We would like to introduce you to one of our very well known students (and well liked!) Chisato Yoshikawa who is in Low Intermediate. Chisato came to EC Toronto on November 19, 2012 and has been studying for 16 weeks. Chisato is known for her energy, bubbly personality and big smile. We recently learned that Chisato is a professional clown and today we had the opportunity to ask her about her career as a clown. How did you become a clown? My major in university was fashion design and when I finished school I got a job in fashion design. The job was very stressful and I wasn’t very happy. While I was working I became sick and had to have treatment for 6 months. During the treatment I met a clown and it was very inspiring. Instead of returning to my job I decided to join a circus team!!! That was about 3 years ago now. Does a clown have to go to college or receive special training? It’s not necessary to go to school to learn Most clowns learn on the job from professional clowns with many years of experience. My clown team had more than 30 clowns! Each had different skills – balloon making, plate spinning, pantomiming. One of my clown colleagues was even 73 years old! It was a very diverse group and I learned a lot. I was really lucky with my circus team. My teacher was friends with Patch Adams and I had the opportunity to meet him. It was a really great experience. What is your most memorable experience? I met a four-year-old girl while I was volunteering at a hospital. She was very sick and very sad. She was scared of the hospital. I was able to make her smile and bring …
Augusto is smiling because according to him, he’s in one of the best classes ever! Augusto began at EC Toronto on January 7th and has been taking TOEFL ever since, but unfortunately, his last day is Friday March 1st! He describes his experience in TOEFL as “exceeding his expectations”. “Even when I was confused about an answer to a question, my teacher, Andrew, knew exactly the way to get around that question and figure out the right answer. He always had a way and a strategy. I loved this class.” It doesn’t hurt that his teacher Andrew describes Augusto as the “ideal student”, because Augusto always had great energy and a positive attitude. I’m sure Augusto’s hard work will pay off once he takes that TOEFL test. From all of us at EC Toronto, we wish Augusto all the best in everything he does, and good luck on that TOEFL test, your travels, and your dreams. EC Toronto Staff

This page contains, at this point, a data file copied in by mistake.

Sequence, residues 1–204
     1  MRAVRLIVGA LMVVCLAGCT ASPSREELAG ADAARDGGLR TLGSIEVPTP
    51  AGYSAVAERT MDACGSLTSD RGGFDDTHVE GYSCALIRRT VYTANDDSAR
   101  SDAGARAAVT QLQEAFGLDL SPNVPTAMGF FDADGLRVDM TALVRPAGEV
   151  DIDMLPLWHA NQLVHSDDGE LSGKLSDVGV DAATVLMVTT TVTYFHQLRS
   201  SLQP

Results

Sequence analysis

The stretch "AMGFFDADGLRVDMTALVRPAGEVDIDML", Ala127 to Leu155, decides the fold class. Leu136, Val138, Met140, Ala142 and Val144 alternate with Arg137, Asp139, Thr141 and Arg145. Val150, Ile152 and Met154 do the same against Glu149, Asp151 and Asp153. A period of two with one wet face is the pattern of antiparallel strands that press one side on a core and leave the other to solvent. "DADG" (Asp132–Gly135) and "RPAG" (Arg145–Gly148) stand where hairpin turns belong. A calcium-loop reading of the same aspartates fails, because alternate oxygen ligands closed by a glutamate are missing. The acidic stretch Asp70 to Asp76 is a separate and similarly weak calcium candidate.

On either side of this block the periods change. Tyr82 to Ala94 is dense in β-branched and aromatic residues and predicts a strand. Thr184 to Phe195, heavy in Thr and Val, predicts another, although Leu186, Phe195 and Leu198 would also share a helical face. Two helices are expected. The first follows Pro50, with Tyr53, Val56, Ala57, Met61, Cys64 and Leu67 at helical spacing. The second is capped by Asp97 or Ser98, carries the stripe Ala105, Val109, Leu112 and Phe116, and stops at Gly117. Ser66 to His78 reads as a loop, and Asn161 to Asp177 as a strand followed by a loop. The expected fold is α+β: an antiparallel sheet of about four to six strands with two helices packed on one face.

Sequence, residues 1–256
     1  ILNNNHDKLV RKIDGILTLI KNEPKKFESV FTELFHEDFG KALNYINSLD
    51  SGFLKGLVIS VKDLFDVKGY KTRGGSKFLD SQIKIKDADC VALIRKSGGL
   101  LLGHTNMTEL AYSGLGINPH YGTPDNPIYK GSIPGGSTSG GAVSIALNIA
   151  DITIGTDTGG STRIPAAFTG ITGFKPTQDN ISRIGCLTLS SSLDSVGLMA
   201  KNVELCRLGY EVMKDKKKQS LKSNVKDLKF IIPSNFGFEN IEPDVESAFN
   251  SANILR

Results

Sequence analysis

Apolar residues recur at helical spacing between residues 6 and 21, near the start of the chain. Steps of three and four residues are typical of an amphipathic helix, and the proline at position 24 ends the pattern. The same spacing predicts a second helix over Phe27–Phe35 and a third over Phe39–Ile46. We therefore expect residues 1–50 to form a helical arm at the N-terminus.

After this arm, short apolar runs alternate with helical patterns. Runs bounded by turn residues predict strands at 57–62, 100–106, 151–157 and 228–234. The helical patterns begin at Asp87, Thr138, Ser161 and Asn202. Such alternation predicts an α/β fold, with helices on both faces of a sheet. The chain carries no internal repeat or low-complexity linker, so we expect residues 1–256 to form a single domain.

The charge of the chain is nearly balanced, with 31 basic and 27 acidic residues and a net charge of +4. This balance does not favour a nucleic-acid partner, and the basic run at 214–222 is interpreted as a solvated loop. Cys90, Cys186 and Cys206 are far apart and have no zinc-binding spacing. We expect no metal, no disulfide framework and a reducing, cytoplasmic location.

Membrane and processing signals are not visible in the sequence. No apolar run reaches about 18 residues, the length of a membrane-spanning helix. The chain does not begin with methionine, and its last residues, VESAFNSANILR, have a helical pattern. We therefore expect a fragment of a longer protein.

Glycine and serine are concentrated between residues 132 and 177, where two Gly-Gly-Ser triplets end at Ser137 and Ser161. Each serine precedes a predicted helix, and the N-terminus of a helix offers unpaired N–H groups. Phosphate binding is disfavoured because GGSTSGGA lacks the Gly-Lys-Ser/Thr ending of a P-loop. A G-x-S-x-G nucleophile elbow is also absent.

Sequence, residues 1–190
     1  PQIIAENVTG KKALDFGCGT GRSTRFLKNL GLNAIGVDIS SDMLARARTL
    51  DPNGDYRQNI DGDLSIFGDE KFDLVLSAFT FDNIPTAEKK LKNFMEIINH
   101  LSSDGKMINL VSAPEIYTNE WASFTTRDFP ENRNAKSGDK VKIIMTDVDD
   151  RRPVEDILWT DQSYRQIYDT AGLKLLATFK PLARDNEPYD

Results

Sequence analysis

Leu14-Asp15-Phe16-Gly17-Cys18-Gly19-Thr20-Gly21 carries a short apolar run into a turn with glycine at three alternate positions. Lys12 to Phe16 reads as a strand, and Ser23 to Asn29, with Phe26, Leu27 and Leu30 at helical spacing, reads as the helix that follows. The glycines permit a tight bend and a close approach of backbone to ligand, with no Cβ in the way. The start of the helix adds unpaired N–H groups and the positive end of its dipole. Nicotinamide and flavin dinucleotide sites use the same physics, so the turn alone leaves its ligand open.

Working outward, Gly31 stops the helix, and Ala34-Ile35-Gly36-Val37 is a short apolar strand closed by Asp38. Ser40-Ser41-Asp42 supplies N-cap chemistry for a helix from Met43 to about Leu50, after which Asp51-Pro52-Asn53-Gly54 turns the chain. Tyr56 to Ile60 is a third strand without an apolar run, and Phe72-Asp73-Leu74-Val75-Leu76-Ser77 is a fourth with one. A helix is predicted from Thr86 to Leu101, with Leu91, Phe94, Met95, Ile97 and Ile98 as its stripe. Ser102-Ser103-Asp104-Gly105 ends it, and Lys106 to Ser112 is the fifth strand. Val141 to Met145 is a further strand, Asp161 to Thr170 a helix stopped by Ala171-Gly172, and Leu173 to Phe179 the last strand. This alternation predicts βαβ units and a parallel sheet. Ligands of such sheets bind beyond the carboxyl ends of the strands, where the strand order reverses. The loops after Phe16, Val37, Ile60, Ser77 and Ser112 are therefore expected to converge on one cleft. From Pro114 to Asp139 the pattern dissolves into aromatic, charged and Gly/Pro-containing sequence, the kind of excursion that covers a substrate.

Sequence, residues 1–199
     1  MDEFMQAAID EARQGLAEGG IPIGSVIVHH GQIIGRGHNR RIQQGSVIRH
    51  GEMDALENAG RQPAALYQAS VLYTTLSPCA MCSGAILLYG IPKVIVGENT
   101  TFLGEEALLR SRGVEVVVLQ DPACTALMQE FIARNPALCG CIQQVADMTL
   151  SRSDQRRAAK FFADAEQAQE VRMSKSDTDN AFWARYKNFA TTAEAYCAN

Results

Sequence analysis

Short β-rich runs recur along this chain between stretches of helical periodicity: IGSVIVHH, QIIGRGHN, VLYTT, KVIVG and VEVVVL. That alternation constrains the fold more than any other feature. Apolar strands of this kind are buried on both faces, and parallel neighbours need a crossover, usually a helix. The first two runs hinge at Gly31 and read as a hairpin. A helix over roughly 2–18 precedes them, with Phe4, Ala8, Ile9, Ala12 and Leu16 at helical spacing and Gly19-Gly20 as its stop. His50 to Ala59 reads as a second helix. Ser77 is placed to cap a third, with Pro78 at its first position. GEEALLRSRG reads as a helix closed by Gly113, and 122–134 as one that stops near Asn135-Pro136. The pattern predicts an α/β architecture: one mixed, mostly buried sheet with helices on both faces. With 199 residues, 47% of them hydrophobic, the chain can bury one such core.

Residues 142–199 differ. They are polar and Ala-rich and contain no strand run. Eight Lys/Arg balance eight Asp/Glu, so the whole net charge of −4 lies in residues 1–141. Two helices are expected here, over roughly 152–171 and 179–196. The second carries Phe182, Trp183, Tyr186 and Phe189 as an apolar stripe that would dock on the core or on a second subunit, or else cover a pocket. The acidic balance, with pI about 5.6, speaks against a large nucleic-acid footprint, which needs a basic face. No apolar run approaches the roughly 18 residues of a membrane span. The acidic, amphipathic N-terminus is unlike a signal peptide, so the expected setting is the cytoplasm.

EC Toronto said goodbye to one of our special students, Yuko Nishida. She has been an AY student with us since March 2012 and has taken High Intermediate, TOEFL, Upper Intermediate and finally …. ADVANCED! Amazing! Soon she will be entering the world of work through our co-op program. We enjoyed having Yuko and her bright smile in our school, and everyone at EC Toronto will miss her! Your EC Toronto Team
Have you been considering post-secondary education in Canada? Unsure of what to expect? University students (native and non-native English speaking students alike) face many challenges at school. EC Toronto offers ‘study skills’ courses, which are designed to help with some of these difficulties and help you hit the ground running. The courses aim to improve general skills found in different disciplines: note-taking, how to follow key themes in lectures, contributing in group seminars, and of course, academic writing. In most university or college courses, almost all of your grades are based on written work. Thus, the ability to plan, brainstorm, synthesize information, edit, and re-edit your work is essential. By the end of your course, at EC Toronto you will have a better grasp of, and better ability to do, what is expected of students at this level of education in Canada. So don’t forget, study abroad courses are more than just about learning English – they can also be part of your goal of getting the university education that will open doors for the rest of your life!
Peter’s High Intermediate class read an article about teachers in the US wanting to take guns to school as protection. After some discussion, they wrote their opinions. Here is what Miguel and Taiana wrote. Although Miguel and Taiana have already finished their studies at EC Toronto, their classmates are sending them a greeting – hello, Miguel and Taiana, we miss you! Dear Mr. Gerald Valentino, My name is Miguel Licona, I’m writing from Canada but I’m from Mexico. I read the article of ‘teachers sign up for guns training’ and according to the article, you claim that teachers should be able to bring guns to school. However, I totally disagree and I want to show you why. Firstly, teachers mustn’t bring a gun to the classroom to protect their students. We can’t combat violence with more violence. If teachers are allowed to bring and use guns in the classroom, the violence will increase and more tragedies will be happen. Secondly, protecting students is not teacher’s business. The teachers should teach the students, not kill them. It’s their business to teach students to be a good citizen. Finally, I think that you want to get more money using this tragedy as a good reason for buying guns. You are only interested in selling guns. Actually you don’t care about the children. To sum up, students shouldn’t be protected only by hope, but also dreams, peace, love. So that we could live in a better world. Sincerely, Miguel & Taiana